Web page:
Weather varies according to the terrain types (winters are colder in the hills while summers are a little milder than the average). In general, however, the Antasynian year is clearly divided into four seasons: a cold and wet winter with heavy snowfalls; a short rainy and temperate spring; a long dry and hot summer and a colder but still dry fall. Western Antasyn tends to be much drier than the eastern part of the country because the winds blowing in the region come more often from the arid southwest than from the wetter hinterland of Brun.
The Bylot Hills (Bileot in Thyatian) are the geographical feature that is the most important for the Antasynians. It is so because, in the first place, it is from those hills that came the ancestor of the current Antasynians, but, also, because the hills provide most of the riches of Antasyn. Since Antasyn is a country in which the first industry is the extraction of minerals, the hills and their riches are the economic lung of an otherwise poor country. The hills are also the place where the Shqradèrs go in times of war or penury; they provide a good shelter when invasions rock the lower lands. Nevertheless, if the Bylot Hills are vital for the Antasynians they also could be deadly as a multitude of creatures have elected domicile in the abandoned ruins of the first settlements of the region, and because they are at the fringe of the Sdredanyan forest, home of the dreadful Sendarya tribes.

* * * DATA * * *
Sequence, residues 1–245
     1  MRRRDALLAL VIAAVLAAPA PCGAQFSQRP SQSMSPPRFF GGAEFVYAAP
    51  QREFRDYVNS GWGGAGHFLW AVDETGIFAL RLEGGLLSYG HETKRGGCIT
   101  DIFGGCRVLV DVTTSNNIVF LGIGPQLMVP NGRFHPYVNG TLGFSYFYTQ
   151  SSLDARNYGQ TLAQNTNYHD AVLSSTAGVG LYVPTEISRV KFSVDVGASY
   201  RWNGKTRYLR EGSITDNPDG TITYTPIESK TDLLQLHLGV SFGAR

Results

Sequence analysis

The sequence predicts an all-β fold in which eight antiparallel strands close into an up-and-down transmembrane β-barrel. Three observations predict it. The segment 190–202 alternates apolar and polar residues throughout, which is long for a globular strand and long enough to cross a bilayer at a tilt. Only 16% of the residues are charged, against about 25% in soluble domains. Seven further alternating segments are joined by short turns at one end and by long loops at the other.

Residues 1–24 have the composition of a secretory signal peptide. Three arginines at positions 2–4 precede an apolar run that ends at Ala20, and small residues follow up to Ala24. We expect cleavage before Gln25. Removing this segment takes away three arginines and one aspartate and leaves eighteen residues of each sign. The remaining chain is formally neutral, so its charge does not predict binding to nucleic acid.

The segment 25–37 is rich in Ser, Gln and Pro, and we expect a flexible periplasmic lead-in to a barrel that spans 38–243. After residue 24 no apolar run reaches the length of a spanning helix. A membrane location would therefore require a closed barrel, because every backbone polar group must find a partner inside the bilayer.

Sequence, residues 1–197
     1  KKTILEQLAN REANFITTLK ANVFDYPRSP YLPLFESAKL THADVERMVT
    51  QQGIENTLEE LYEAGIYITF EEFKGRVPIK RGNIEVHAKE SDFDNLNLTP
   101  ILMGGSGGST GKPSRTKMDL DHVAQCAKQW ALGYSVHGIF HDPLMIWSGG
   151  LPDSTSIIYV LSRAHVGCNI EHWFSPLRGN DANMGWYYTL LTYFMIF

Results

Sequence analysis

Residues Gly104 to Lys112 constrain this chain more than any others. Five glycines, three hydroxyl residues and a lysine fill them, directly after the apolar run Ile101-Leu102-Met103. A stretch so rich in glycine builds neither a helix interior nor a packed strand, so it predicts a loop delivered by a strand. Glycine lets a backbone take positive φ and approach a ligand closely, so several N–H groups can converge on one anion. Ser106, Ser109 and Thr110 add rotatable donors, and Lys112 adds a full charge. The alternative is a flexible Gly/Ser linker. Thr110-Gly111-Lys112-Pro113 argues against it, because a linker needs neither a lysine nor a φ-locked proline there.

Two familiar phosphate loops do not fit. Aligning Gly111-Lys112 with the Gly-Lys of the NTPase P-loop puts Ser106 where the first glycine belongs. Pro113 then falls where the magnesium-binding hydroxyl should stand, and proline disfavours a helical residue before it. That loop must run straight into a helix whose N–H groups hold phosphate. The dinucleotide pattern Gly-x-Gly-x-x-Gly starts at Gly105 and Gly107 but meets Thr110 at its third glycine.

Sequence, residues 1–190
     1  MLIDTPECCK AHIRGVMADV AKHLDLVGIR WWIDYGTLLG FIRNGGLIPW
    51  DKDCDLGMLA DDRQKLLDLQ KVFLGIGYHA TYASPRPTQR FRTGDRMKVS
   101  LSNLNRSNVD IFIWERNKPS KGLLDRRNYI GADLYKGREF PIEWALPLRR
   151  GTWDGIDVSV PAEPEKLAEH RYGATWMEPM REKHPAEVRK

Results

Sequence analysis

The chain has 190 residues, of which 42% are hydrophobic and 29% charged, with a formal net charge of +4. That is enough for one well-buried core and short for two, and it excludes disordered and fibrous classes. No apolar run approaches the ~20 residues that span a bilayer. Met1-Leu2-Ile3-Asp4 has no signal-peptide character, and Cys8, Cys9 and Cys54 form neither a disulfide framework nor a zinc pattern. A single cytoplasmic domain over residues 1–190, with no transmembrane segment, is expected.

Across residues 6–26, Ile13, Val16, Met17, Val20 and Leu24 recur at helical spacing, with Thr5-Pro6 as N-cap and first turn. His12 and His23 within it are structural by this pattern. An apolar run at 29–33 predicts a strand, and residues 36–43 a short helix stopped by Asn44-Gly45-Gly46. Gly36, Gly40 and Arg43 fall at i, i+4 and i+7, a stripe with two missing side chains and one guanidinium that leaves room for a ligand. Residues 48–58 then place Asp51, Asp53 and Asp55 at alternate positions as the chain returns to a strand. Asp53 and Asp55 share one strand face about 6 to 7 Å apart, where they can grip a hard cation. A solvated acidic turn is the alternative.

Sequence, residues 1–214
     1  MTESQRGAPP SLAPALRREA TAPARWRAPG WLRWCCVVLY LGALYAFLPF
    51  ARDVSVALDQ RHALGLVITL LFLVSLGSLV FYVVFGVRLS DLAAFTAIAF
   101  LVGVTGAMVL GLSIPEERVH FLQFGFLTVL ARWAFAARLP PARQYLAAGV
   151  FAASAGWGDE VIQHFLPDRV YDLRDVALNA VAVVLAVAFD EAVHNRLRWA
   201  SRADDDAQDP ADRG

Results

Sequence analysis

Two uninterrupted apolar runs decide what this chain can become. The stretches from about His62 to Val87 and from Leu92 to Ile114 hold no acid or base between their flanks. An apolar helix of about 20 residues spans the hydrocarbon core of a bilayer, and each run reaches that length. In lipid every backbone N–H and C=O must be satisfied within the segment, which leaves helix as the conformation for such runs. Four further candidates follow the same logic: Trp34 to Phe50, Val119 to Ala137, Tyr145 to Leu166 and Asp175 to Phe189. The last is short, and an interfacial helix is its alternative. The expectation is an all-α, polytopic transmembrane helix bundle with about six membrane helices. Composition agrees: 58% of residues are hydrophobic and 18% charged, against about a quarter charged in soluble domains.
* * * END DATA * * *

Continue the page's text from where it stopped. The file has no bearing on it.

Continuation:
The Antasynians are long lost cousin of the Bulzanians with whom they share the same origin: the Blackmoorian colony of Yazak. The people of Yazak were already a mix of several cultures of the Blackmoor era but they were later joined with people of Oltec and Neathar descent. This explains the variety of physiological features that the Antasynians may bear. However, in general, people of Antasyn tend to have a light brown to olive completion and dark brown to black hair. The people of the hills are normally of lighter completion than those of the plain and valleys.
As said earlier, the Antasynian society is divided in two different groups: the Gurs and the Dasks. The Gurs have a society organized along clanic ties. The clans of the Gurs regroup in larger coalitions based on geographic proximity. These associations of clans are called bajrak, which are headed by a bajraktar who is hereditary designated. Gurs' bajraktars exercise patriarchal powers, arrange marriages, mediate quarrels, and mete out punishments. The clansmen of the Antasyn hills recognise no law but the Code of Lek, a collection of tribal laws that regulates a variety of subjects, including blood vengeance. Taxes on the clansmen are difficult if not impossible for the Huleans to collect because of the rough terrain and fierceness of the Antasynian highlanders. Some tribes of the hills have succeeded in defending their independence through the centuries of the Master's rule They are regularly engaged in intermittent guerrilla warfare with the Hulean troops, who don't deemed it worthwhile to subjugate them as long as they do not disrupt the supplies of metals from the western hills.